PORT CHARLOTTE — There may be moments of melancholy, Carl Crawford acknowledges, when he'll realize there's something he might be doing for the last time as a Ray. "It's kind of sad when you think of it like that," he said.
And there will be times, he admits, when his best efforts to not let his undetermined future and pending free agency become a distraction may fail.
"It will probably get to a point where it will irritate me a little bit," he said.
The reality, though, is that Monday most likely was the beginning of the end, the start of Crawford's 11th and last spring training as a member of the Rays organization.
He reported to camp saying the right things, that he was still hopeful of re-signing with the Rays, saying it "could go either way" and he was "hoping for the best, like always." (And, for you skeptics, he said that "the best" meant staying.)
But the numbers will be more significant than the words. And as Crawford, 28, makes $10 million to conclude a six-year, $33.5 million contract that kept him from his first two years of free agency and left him, by market value, underpaid, it's a safe assumption he is looking for more than the Rays, with plans to reduce their payroll, can offer. Even if principal owner Stuart Sternberg said last week that they're "going to do everything they can" to keep him around.
"I understand a lot of things are going against us," Crawford said, "but anything's possible."
Crawford said there hasn't been much in the way of negotiations yet, and "I don't know when we will," but he prefers they not carry into the season. That essentially puts a six-week clock on any talks, because if he gets to the end of the season, he's obviously more likely to explore free agency.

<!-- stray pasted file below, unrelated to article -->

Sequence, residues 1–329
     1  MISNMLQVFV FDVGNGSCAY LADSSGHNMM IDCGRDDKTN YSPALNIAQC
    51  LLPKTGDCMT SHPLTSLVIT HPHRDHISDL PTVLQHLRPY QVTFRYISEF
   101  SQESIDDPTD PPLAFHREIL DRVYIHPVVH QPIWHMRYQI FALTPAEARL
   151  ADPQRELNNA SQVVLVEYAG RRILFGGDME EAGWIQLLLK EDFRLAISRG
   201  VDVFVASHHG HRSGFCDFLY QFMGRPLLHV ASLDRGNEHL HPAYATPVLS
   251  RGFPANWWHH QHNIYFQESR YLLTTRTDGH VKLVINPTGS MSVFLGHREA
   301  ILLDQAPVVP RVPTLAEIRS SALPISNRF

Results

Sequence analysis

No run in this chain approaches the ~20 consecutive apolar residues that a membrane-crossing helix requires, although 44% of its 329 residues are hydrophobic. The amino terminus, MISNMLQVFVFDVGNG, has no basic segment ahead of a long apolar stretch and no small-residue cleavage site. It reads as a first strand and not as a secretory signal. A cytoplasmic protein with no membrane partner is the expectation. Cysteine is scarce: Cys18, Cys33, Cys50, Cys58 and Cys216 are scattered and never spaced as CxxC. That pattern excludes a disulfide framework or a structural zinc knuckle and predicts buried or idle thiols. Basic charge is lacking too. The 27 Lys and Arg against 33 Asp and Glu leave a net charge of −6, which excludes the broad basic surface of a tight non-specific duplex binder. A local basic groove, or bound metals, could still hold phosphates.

He wouldn't get into any specifics of what it would take to re-sign, or if he'd allow the Rays any kind of "hometown" discount (though he did say even though he has complained about the Tropicana Field turf, it wouldn't be a major issue).
But he indicated he's looking for market value, which based on some recent deals makes an average of $13 million to $16 million a season, or an estimate of $75 million over five years, seem reasonable.
"That's what you go there for, to free agency," Crawford said. "You go there to be paid like the guys playing against you. Pretty much, it speaks for itself."
He has known nothing but playing for the Rays during his 7½ major-league seasons, and he said he won't do anything different knowing it could be his last — not the effort with which he prepares, and definitely not the energy, and abandon, with which he plays.
"That's the one thing about me, I have to play the way I play," he said. "I don't know how to play at another level. It's pretty much going to be the same as me doing whatever; I'm not going to hold nothing back."
He is confident the contract issue won't be a distraction, with manager Joe Maddon concurring: "I think he's motivated to have a good year for himself and for us."
But try as he might, deep down Crawford knows this season won't be like any other, because it may be his last.
"That's kind of sad when you think of it like that, but I'll just keep in mind that's the way things are," he said. "The thing that keeps me going is knowing we have probably one of the best teams here this year. A lot of good things can happen, so I just keep looking at those things more than looking at the side like contract negotiations and stuff like that.
"I'm going to try to keep everything positive and know good things can come out of this year."
One way or another.
Marc Topkin can be reached at email@example.com.